Patent statistics are often based on using the database of the US Patent and Trade Office (USPTO) because this database is believed to provide us with a window on the remainder of the world: most companies will patent important inventions also in the USA (Jaffe & Trajtenberg, 1982). However, in parallel to the USPTO database, we also have the database of the European Patent Office (EPO), and the national patent databases (Sheu et al., 2006). (Among them, the Nederlands Octrooicentrum.) Additionally, there is an international database at the World Intellectual Property Organization (WIPO).
Patent databases are official registrations and thus the sites are freely accessible. However, they are not all equally easy to use for research purposes.
Please discuss two research articles that are based on patent analysis.
Let’s first turn to the USPTO database at http://patft.uspto.gov/netahtml/PTO/search-adv.htm. (This database can also be accessed at http://www.google.com/patents.) Click in the left column on Patents > Search > Advanced Search. Search with the following string: ttl/”renewable energy” (title includes “renewable energy”). If correct, you should have a return about 21 records. Study some of the records. Try breaking the search down into more components (ie. ttl/”geothermal energy”) and compare the results.
Extend your search to find inventors and/or assignees specifically located in the Netherlands using the corresponding search strings. Do not get disappointed with zero hits because the database is about inventions patented in the USA. Try a few other countries or in the case of the USA, use US-states as address fields. Try using different search criteria and terms. The USPTO itself provides statistics by country and by (US) patent class at http://www.uspto.gov/web/offices/ac/ido/oeip/taf/reports.htm .
2.2 EPO and WIPO
Let’s repeat the exercise at the European Patent Office and World Intellectual Property Organization databases.
The EPO database can be found at http://ep.espacenet.com/ . Always use the advanced options for bibliometric searching. This time we can find approximately 250 records with “renewable energy” in the title (using the search option “Worldwide”). Can you explain the difference? Would you know a way to refine your searches at the EPO? (I was not able to find it.) Explore also the option of “Classification search”.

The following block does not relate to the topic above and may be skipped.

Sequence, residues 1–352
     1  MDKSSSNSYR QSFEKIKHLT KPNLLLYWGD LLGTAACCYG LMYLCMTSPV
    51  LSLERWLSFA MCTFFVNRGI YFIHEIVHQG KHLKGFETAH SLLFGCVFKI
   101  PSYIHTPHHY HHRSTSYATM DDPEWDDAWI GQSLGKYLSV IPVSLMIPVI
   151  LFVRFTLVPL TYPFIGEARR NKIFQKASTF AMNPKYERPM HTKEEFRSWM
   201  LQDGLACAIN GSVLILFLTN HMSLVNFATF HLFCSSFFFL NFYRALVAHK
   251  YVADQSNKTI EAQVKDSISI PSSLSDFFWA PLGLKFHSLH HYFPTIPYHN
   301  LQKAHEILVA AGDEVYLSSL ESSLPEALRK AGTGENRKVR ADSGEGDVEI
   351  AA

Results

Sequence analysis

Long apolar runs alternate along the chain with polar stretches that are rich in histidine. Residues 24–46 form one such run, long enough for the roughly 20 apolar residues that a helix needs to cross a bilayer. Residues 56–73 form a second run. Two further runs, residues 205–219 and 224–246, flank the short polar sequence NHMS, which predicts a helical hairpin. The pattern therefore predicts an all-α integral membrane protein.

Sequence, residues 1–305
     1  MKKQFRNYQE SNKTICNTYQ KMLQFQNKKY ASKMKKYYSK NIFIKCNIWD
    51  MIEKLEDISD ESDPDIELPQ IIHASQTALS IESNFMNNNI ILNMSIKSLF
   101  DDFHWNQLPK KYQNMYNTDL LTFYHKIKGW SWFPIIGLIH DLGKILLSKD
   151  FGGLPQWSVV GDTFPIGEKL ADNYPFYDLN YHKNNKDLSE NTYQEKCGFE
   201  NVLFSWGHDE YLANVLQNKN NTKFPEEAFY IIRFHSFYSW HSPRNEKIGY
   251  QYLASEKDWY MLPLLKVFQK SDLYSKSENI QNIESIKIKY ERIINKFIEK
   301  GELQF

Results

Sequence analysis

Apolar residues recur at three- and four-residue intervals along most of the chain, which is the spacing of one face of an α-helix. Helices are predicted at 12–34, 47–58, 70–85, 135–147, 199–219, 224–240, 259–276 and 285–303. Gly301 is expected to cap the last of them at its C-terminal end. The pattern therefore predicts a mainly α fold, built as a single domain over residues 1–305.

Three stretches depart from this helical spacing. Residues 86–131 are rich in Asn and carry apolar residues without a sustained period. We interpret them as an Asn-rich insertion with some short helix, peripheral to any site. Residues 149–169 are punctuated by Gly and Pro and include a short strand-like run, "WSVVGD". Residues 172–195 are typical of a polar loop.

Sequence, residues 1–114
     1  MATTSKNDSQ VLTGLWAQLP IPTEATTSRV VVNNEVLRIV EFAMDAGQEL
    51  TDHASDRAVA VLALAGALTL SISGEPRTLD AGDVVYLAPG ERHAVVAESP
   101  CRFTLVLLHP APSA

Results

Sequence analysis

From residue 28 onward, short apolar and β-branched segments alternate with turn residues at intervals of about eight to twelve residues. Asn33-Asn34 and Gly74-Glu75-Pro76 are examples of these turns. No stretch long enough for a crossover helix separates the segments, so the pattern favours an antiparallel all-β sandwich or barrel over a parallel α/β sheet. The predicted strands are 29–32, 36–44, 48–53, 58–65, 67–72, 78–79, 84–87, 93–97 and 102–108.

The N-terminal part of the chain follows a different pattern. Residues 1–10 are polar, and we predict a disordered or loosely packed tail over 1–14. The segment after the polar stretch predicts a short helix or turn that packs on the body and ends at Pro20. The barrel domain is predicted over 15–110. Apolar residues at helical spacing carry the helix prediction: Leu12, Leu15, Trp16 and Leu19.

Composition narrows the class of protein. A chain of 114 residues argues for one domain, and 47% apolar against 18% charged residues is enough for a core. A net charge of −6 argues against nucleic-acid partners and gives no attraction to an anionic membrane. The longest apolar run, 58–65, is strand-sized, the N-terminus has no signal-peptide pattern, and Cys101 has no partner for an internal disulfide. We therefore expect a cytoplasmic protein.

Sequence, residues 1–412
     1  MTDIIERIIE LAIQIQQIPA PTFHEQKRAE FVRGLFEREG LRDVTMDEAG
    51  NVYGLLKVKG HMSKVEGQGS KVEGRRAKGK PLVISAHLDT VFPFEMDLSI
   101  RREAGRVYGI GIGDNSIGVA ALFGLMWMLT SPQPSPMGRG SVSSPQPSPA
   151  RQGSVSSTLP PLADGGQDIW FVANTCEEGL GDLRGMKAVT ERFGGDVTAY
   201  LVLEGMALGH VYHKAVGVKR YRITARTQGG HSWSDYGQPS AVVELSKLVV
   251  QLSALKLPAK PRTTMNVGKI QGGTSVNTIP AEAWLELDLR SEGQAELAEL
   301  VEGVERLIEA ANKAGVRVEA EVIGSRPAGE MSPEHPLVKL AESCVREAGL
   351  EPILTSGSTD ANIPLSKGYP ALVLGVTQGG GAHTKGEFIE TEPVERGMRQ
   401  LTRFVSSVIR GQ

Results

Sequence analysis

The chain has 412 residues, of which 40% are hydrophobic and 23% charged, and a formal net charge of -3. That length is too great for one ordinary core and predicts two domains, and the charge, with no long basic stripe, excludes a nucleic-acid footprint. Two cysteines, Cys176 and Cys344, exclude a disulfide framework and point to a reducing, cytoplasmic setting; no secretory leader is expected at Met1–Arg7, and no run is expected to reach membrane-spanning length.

The WIPO database can be found at http://www.wipo.int . On the search page for patents you can find the “Field codes” (that is, the searchable terms) on the upper right side. Repeat the searches which you did above for the USPTO database and compare the results.
What are your conclusions from comparing these three databases? Consider also the advantages and disadvantages of using http://www.freepatentsonline.com/search.html as an alternative? How many patents can you find for ttl/“renewable energy” using this database? Can you explain the difference?
2.3. Corporate Invention
The Corporate Invention Board’s website provides a new tool which aims at characterizing the nature and the extent of technological globalisation. It gives the possibility to track and analyze the transformation of global patents portfolio of industrial groups overtime. It also identifies the geographic origin of patents’ protected inventions.
The Corporate Invention Board’s website complements the “Industrial R&D Investment Scoreboard” (produced by Institute for Prospective Technological Studies). The industrial R&D Investment Scoreboard, an annual study of the European Commission, analyzes the performances of the 2000 industrial companies (1000 based within the European Union, 1000 outside) with the most important annual R&D investments. These 2000 companies accounted for more than 430 billion euros of investment in 2008. Through patents’ statistics, the Corporate Invention Board focuses on the outputs of these R&D investments. Thus, the Corporate Invention Board provides information on technologies and on localisation of these investments.
The Corporate Invention Board’s website is built on an original database which combines information extracted from the “Patstat” patent database and from the “Orbis” financial database (details available on the Methodology pages and Data sources).
2.4. National patent portfolios
Loet Leydesdorff created the following picture for the patent portfolio of China in 2005.
This picture is based on the International Classification Codes retrieved at the WIPO database using 1128 patents. The file contains 83 classification codes of which 65 are related. The pattern is shown in this picture. The nodes are sized in accordance with the logarithm of the number of patents in the corresponding category.